Every morning before work, local government reporter Erin Mansfield whispers “I love you” to her grey tabby cat Princess Gabriela. Then the 28-year-old gets in her blue 2007 Chevy Cobalt and drives fifteen minutes to the offices of Tyler Morning Telegraph, a daily newspaper with a circulation of 22,556 in Tyler, Texas, where she has covered city government for the past seven months. It is her dream job.
“Living in a small town doesn’t mean you don’t deserve good journalism,” Mansfield said. “I’m so proud to be covering places and subjects that others wouldn’t consider to be sexy, so to speak. That actually keeps me going, it’s fulfilling.”
On Thursday afternoon, 1,300 miles from Tyler, five reporters at the Capitol-Gazette newspaper in Annapolis, Maryland were murdered when a gunman stormed their newsroom. The shootings—which the Society of Professional Journalists called the largest attack on journalists on U.S. soil—thrust a local newspaper and its employees into the seemingly endless tragedy of gun violence in America. It also rattled journalists who work in newsrooms nationwide, people like Mansfield.
Mansfield was at her paper’s weekly budget meeting (where the editors and reporter make assignments) on Thursday when the attack in Annapolis happened. She was devastated by the news. Her own Telegraph newsroom is made up of 20 writers, editors, and reporters, the exact number of people the Gazette had on staff.
“As local journalists, we’re so similar and newsrooms tends to all look the same. We’re all doing the same things no matter where we are,” said Mansfield. “It sort of feels like I know other local journalists, even when I don’t.”
Telegraph staff quickly published an Associated Press story about the shooting on its website and then met to talk about safety in the newsroom. Don’t let anyone without a badge into the building, Mansfield recalled her editor saying.
“I operate in an environment, as a local journalist, where we have the president calling out fake news everywhere, and we’ve all seen that meme with the guy’s shirt that says ‘Rope, tree, journalist, assembly required,’” Mansfield said. “The reality of our profession is we’re trying to kick down doors to get basic information and sometimes people get frustrated or send you a sternly worded email, but now [the possibility of] a mass shooting has been added into that mix, and that’s a little unsettling.”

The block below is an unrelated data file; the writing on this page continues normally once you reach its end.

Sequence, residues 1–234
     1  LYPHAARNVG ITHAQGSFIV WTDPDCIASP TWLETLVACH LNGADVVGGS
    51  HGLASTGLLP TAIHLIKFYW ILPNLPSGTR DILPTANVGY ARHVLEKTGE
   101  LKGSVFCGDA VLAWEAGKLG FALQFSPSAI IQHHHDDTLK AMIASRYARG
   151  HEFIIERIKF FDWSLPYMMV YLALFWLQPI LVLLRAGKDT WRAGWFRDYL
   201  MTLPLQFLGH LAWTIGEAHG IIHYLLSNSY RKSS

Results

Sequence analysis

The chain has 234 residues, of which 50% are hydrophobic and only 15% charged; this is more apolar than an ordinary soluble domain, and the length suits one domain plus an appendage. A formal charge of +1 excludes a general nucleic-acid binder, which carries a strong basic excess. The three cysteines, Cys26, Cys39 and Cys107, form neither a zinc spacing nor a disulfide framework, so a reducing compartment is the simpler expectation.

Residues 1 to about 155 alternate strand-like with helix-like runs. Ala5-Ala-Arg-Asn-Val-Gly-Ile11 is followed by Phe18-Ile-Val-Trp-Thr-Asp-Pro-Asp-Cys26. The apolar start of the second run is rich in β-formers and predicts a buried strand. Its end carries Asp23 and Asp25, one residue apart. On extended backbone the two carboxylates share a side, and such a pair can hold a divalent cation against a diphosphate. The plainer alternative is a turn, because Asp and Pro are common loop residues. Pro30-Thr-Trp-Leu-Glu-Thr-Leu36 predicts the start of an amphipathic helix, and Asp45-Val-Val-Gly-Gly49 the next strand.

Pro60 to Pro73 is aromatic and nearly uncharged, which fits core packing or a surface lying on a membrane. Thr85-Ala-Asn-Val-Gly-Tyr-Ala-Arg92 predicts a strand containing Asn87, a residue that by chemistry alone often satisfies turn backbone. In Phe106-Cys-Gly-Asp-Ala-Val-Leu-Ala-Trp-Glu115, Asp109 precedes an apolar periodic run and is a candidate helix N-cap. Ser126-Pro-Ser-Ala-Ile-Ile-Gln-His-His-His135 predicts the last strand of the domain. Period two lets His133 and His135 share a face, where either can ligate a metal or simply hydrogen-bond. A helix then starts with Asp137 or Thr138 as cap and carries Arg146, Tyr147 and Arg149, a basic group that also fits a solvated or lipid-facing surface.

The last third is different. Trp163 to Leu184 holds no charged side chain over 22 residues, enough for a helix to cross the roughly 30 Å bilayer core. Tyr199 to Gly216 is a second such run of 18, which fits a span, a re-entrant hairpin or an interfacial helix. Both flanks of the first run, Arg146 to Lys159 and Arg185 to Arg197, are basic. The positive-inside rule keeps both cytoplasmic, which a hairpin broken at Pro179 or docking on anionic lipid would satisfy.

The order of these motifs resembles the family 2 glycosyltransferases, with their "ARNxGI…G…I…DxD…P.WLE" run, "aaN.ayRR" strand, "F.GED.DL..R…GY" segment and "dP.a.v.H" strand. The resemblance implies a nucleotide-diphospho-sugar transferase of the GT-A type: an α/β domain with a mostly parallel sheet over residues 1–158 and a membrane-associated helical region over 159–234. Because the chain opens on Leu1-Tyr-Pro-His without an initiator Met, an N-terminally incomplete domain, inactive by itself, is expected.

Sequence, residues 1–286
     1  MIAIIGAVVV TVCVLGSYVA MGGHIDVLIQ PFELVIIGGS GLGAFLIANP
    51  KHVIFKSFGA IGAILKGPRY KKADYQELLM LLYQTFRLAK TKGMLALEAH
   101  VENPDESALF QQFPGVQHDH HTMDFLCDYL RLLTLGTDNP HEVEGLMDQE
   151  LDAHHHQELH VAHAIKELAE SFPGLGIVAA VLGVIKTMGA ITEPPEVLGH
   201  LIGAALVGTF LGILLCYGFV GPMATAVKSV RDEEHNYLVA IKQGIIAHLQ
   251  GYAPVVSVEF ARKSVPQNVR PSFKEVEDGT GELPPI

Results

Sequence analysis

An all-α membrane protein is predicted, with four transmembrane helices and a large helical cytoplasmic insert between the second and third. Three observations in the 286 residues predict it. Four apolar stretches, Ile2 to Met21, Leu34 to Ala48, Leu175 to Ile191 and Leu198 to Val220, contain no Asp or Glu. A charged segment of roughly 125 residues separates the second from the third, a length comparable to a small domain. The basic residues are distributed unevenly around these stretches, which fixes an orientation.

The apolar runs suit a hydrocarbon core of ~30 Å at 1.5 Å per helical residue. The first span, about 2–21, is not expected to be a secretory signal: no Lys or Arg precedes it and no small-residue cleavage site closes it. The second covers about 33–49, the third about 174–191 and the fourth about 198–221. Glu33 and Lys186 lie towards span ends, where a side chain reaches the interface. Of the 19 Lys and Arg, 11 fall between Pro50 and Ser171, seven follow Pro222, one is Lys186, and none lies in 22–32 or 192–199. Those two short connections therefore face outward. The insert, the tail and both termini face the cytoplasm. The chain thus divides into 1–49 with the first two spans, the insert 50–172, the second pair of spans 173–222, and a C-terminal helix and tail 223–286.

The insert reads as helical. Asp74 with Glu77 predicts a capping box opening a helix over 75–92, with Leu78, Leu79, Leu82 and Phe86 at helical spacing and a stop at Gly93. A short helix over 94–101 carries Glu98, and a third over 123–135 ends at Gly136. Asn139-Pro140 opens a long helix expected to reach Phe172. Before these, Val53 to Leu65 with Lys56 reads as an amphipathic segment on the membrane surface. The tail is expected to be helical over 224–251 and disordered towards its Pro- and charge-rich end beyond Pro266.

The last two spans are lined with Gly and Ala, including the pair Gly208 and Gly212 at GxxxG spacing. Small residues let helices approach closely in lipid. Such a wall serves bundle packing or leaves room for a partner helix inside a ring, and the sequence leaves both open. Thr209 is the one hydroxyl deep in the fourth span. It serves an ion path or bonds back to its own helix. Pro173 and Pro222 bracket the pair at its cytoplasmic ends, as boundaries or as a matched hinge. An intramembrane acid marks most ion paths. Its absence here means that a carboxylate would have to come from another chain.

While reporting is Mansfield’s dream job, it’s rarely glamorous. On Wednesday morning, for instance, she met an intern she’s mentoring this summer at the Telegraph’s downtown headquarters. They grabbed Mansfield’s newspaper-owned laptop and a Canon DSLR she bought a few years ago with her own money before heading to city hall around the corner for a bi-weekly meeting of the Tyler city council—a meeting she never misses—to discuss infrastructure projects. She makes a point to take as many photos of local government officials with her Canon as she can, so the Telegraph has them on file.
“[Newsrooms] have been getting smaller,” Mansfield said. “At my first full-time gig, my duties had previously belonged to two different people. I’ve spoken to older, retired or former journalists who are often shocked at how much I do.”
Wednesday’s council topic—as it tends to be—is about highways and annexing land. “Meetings are frankly boring if you don’t understand what’s going on,” said Mansfield. “But that doesn’t mean they’re not important.”
Mansfield writes as many as four stories a day on local government, some of which she whips up during council meetings. She’s become an expert at picking out interesting bits from seemingly dull conversations and turning them into meaningful pieces that first appear on the paper’s website before getting published in print the following day. Last week, she worked on a story about the authorization of funding to paint bike lanes on city streets.
She started as a cub reporter covering small-government board meetings for her hometown paper in Rutland, Vermont, where she wrote up to twelve stories a week, sometimes logging in 60 hours. Then she covered state and local government as a staff reporter for the Vermont Digger for two years, before moving to Texas to be closer to family in Houston (who moved there from Vermont). In January 2018, she was hired as a multimedia journalist by the Telegraph.
“I’ve always felt like local journalism suits my personality,” she said. “I once wrote a story about a local citizen who had recorded a country album. She was just so happy with it and so moved by the piece… and I was like, I’m just doing my job, but people are thanking me all the time and I’m like, ‘This is just a job!’ “
Mansfield wouldn’t disclose her salary. According to the Bureau of Labor Statistics, the median annual salary for reporters in Texas in 2017 was between $38,610 and $41,190. But that’s the median. Reporters at the bottom 10% of the salary spectrum make just $22,970 a year. It’s no secret that “local journalists are at the end of the totem pole [in terms of salary],” Mansfield said. “I do what I do because I love it.”
On Friday morning—less than 24 hours after the devastating shooting—a journalist at rival publication Tyler Loop brought the Telegraph staff chorizo, sausage, and potato and egg breakfast tacos from Lindo Mexico Restaurant No. 2.
“It was a comforting thing to be reminded how much we [local journalists] all love and appreciate each other,” says Mansfield. “You read the profiles of these people who died [in Annapolis] and you’re like ‘I had an editor like that’ or ’I know a sports reporter like that.’ What we do as local journalists becomes such a big part of who we are.
“Our profession becomes our family.”